Israel Ministers Mull Reprisals for Palestinian Unity Deal

إقرأ هذا الخبر بالعربية W460

Israel's security cabinet was to meet on Thursday morning to weigh its response to a unity deal struck between the Palestinian leadership and the Hamas rulers of Gaza.

Prime Minister Benjamin Netanyahu reacted angrily to Wednesday's agreement between the rival factions accusing Palestinian president Mahmoud Abbas of choosing "Hamas, not peace".

Public radio said ministers were likely to announce fresh retaliatory measures on top of a raft of financial sanctions unveiled this month when the Palestinians applied to join 15 international treaties.

They were not expected to order a complete halt to U.S.-brokered peace talks with the Palestinians, however, despite the announcement by a Netanyahu aide of the cancellation of a scheduled meeting on Wednesday evening, the broadcaster said.

Netanyahu's office described the deal between Abbas and Hamas, which opposes all peace talks with Israel, as "very serious".

But it said it was for ministers to decide whether to announce any new measures after Thursday's meeting.

"By tying itself to Hamas, the Palestinian leadership is turning its back on peace," a Netanyahu aide said.

Israel already announced on April 10 that it was freezing the transfer of some 80 million euros ($111 million) in taxes it collects on behalf of Abbas' Palestinian Authority, which account for some two-thirds of its revenues.

The deal between the Palestinian leadership and Hamas came as U.S.-brokered peace talks which opened last July teetered on the brink of collapse just days before their scheduled April 29 conclusion.

U.S. envoy Martin Indyk has held repeated meetings with the two sides in a last-ditch bid to salvage the negotiations.

Palestinian chief negotiator Saeb Erakat denied any three-way meeting has been planned for Wednesday but acknowledged he would meet Indyk on Thursday without the Israelis.

Abbas says he will not extend the negotiations unless Israel agrees to a freeze on all settlement construction in the occupied West Bank, including annexed east Jerusalem, and frees a group of Arab prisoners who had been earmarked for release this month.

He has also demanded the two sides launch straight into negotiations on the future borders of the Palestinians' promised state.

Israel has dismissed all three conditions as unacceptable.

Washington warned Wednesday that the deal between the Palestinian leadership and Hamas threatened to scupper any chance of rescuing the talks.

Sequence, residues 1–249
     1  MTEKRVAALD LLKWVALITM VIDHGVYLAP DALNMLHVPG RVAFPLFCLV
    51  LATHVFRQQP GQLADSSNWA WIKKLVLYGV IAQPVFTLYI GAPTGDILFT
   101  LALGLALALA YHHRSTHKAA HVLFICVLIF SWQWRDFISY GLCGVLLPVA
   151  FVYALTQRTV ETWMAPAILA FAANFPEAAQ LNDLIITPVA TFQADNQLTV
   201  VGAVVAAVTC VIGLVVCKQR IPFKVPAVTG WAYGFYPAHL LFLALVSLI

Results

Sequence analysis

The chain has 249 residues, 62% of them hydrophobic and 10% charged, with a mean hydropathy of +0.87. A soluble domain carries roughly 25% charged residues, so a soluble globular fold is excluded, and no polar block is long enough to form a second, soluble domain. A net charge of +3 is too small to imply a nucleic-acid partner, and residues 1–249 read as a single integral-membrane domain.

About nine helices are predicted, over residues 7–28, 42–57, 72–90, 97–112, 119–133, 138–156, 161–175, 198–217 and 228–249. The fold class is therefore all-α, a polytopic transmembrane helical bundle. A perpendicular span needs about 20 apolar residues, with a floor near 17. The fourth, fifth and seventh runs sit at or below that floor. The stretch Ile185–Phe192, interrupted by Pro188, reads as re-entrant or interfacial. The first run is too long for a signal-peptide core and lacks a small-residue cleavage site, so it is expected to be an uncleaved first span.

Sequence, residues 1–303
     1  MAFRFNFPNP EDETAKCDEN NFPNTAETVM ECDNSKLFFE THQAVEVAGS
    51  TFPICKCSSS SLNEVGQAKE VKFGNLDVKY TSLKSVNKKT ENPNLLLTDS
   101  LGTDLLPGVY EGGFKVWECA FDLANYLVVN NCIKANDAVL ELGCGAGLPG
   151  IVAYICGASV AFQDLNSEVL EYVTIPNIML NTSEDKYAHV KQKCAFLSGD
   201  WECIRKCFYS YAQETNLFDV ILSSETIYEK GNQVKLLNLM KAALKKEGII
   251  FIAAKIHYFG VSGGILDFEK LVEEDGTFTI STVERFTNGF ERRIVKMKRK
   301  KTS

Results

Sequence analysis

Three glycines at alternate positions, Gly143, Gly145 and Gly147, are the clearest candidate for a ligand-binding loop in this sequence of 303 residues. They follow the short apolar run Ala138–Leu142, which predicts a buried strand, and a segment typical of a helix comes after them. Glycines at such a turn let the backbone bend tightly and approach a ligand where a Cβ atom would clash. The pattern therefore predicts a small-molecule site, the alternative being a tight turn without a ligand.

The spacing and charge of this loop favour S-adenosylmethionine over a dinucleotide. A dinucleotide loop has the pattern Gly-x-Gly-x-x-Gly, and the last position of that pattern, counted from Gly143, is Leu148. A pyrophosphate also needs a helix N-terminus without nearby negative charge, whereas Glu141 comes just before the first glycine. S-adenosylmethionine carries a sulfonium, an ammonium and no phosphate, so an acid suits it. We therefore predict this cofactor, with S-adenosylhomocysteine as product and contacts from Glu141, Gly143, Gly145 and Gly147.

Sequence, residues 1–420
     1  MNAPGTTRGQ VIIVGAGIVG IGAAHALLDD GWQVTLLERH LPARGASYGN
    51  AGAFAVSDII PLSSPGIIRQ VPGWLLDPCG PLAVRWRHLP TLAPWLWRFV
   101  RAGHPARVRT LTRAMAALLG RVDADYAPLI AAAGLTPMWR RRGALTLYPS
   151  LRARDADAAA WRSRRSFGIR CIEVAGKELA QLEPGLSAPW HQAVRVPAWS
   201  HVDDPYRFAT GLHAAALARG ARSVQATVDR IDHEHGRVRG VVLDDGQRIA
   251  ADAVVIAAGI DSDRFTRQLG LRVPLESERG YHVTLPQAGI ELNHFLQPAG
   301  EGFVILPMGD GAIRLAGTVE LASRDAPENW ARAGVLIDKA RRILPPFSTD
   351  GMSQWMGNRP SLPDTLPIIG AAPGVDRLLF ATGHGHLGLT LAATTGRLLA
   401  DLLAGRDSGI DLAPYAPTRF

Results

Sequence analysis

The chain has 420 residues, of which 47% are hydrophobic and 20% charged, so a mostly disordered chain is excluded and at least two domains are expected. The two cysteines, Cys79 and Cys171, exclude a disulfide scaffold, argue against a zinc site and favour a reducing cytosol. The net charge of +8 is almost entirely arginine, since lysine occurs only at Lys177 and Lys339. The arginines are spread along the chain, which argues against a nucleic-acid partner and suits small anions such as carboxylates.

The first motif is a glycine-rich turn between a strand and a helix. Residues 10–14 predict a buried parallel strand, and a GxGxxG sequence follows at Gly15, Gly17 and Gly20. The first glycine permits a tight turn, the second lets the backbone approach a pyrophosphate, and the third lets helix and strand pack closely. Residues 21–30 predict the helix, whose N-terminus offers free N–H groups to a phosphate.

"It's hard to see how Israel can be expected to negotiate with a government that does not believe in its right to exist," State Department spokeswoman Jen Psaki said.

Abbas' writ has effectively been confined to autonomous areas of the Israeli-occupied West Bank since Hamas evicted his loyalists from Gaza in 2007.

Hamas agreed on Wednesday to the formation of a joint administration under his leadership within five weeks. Similar agreements have been reached in the past, but the latest deal sparked celebration on the streets of Gaza.

When Hamas swept Palestinian parliamentary elections in 2006, the European Union and the United States said they would deal with a government in which it participated only if it renounced violence and recognized Israel and past peace deals.

Washington reaffirmed that position on Wednesday.

Comments 3
Missing phillipo 24 April 2014, 12:04

Can anyone tell me why a people, the Palestinians, who have never had an independent state of their own, and are now offered one by Israel, refuse to accept it and afterwards continue the negotiations.
For 19 years from 1948 to 1967 when the West Bank was occupied by Jordan, and Gaza by Egypt, there was not a single word mentioned of an independent Palestinian State, or even of a Palestinian people. Only when Israel occupied those two areas of land did the Palestinians wake up to the fact that they are a people and want a state of their own.

Thumb Maxx 24 April 2014, 19:31

Elementary, dear Watson: before the foundation of the State of Israel in '48 the Palestinians pretty much took it for granted that whichever land they farm is their own, and not in their wildest nightmares could they imagine that they would have that taken away from them and then be accused of being a "non-people" by the thieves - AND have the International community side with those same thieves.
So once they were sufficiently oppressed, they figured they seriously needed to do something on their own and that they can't rely on International powers to give them a land of their own.
Sort of like the Jews following the Shoah.

Thumb Maxx 24 April 2014, 19:27

Tayb I don't get it ya Bibi: Before you were saying that "peace" between Israel and Palestine is practically impossible because of the division between Gaza and the West Bank in terms of politics; that if you're negotiating peace with one faction it doesn't mean all Palestinians will abide by that pact. Now you're saying peace is impossible because of the unity. Would you freaking make up your mind?